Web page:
Pharmacology versus psychedelics
Rather than aiming to treat a single chemical imbalance in the brain, as do traditional antidepressants, called selective serotonin re-uptake inhibitors (SSRIs), psilocybin assisted psychotherapy uses the brain states created through altering that chemistry to bring about lasting emotional improvement. But how good is it? Does the psychological benefit persist or do patients relapse shortly afterwards? The lack of head-to-head comparison has so far prevented researchers from objectively quantifying the benefit of psychedelics versus antidepressants. This is where the clinical trial at ICL comes into play. In this trial, patients with major depressive disorder will be randomised to receive psilocybin at varying dosages and six weeks of daily escitalopram or placebo, with all patients participating in guided psychotherapy. The effectiveness of both treatments will be determined through self-assessed questionnaires on depressive symptoms as well as fMRI scans of the brain, paying special attention to areas of the brain sensitive to emotional stimuli.
As previous research has shown, depressed patients show greater activation of the amygdala, an area of the brain sensitive to emotional stimuli, when they are confronted with visual stimuli that evoke negative reactions, such as angry or fearful faces, a response that is dampened by antidepressants. Conversely, psilocybin has been found to cause increased amygdala activation in response to both negative and positive visual stimuli and the strength of this activation predicted reductions in the severity of symptoms in patients with treatment-resistant depression. The attenuation of visually stimulated amygdala activation in patients receiving antidepressants and enhancement in patients receiving psilocybin gives credence to the hypothesis that psilocybin can put patients with depression back in touch with their emotions.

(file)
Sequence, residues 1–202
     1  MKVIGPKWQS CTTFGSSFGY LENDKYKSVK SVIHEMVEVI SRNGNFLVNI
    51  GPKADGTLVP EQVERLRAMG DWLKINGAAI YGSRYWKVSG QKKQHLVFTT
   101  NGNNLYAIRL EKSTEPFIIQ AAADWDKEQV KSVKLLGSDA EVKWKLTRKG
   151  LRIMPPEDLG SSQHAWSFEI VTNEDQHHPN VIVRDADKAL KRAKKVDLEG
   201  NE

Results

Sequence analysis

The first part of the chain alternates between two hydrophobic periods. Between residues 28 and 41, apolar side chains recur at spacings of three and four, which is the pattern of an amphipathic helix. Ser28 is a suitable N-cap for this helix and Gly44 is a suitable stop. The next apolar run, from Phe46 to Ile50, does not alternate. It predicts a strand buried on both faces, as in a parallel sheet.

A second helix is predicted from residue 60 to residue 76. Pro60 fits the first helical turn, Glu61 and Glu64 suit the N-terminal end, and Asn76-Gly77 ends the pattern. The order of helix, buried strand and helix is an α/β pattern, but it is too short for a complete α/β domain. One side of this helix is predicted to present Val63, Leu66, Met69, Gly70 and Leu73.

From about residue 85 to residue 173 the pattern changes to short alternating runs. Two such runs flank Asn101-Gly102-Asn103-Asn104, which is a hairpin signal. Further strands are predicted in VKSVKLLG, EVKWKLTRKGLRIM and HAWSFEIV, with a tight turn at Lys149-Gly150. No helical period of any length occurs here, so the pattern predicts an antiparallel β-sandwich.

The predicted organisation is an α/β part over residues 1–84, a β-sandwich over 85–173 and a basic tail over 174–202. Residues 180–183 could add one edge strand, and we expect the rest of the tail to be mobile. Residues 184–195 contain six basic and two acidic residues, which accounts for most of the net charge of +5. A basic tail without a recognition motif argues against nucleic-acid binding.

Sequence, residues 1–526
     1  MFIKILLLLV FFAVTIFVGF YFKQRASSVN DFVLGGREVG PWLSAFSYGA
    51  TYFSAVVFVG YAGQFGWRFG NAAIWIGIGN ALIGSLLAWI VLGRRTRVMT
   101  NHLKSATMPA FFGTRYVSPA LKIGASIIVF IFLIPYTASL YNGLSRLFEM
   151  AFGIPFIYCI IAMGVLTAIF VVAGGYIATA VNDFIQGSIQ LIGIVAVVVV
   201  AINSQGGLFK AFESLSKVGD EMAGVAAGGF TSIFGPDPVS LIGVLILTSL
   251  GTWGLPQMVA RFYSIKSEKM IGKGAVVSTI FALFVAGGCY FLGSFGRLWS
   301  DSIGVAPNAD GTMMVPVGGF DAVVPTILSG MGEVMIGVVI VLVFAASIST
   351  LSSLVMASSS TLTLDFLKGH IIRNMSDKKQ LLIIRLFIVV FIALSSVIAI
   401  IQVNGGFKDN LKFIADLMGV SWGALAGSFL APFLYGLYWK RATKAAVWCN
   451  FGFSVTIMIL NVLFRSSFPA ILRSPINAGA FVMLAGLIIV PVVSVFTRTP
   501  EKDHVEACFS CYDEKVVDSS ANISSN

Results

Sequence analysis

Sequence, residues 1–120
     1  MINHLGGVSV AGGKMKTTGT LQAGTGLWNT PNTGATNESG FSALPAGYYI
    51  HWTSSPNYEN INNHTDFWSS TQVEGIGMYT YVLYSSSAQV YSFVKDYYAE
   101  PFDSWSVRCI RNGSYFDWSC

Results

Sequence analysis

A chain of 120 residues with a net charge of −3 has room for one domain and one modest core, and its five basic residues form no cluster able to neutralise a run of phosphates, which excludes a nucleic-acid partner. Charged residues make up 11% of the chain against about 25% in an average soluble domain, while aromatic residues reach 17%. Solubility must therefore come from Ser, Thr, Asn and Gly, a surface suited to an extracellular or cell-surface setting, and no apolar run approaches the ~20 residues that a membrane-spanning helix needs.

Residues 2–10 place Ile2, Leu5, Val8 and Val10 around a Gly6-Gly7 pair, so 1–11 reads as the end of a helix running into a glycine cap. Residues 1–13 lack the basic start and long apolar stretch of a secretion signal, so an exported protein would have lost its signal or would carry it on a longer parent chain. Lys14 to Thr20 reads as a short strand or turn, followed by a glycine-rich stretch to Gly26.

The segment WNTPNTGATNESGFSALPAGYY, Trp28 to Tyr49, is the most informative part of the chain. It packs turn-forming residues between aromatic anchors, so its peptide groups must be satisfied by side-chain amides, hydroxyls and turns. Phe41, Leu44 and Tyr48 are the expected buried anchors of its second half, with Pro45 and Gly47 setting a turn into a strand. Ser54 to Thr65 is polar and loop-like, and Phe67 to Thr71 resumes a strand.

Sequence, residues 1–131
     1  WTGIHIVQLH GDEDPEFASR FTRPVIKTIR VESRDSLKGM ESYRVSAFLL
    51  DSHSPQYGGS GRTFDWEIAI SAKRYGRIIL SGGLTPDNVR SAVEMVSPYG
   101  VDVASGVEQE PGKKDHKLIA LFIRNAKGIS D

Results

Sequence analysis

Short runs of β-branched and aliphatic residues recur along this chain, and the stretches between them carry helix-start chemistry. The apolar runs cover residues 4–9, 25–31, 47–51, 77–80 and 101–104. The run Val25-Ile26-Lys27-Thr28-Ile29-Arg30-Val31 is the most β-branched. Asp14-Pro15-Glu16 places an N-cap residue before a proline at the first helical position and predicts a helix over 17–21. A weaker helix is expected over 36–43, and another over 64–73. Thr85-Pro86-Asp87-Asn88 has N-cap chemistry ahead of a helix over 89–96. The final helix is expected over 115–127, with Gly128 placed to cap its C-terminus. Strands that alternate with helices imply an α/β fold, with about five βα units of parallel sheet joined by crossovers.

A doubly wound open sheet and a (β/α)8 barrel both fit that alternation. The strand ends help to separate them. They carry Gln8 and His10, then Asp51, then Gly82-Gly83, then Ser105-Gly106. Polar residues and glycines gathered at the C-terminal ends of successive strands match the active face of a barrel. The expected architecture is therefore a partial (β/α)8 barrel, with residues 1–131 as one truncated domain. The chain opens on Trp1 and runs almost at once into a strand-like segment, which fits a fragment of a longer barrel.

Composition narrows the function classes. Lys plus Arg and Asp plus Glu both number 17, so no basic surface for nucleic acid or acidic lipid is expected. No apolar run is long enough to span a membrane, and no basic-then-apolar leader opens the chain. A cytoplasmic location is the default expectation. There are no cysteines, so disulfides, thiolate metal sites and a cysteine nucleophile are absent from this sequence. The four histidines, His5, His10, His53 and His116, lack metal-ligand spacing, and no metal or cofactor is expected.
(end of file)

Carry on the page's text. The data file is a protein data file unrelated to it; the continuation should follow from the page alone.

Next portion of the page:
Using fMRI to study how psilocybin and SSRIs can alleviate the symptoms of depression despite their different mechanism in the brain can offer researchers insights into the complex neurobiology of these conditions. fMRI also offers researchers a chance to more objectively assess the magnitude of relief from depressive symptoms and, by combining this analysis with questionnaires, conclusively demonstrate the therapeutic potential of psilocybin-assisted psychotherapy. When the results of this study are published it will be interesting to see, not only which treatment offered the most benefit to patients, but also what aspects of the psychedelic-trip can predict the best outcomes for patients and if these meaningful experiences can be sought out and encouraged in our daily lives.
If you would like to volunteer for this study, please contact the study coordinator Bruna Giribaldi on email@example.com.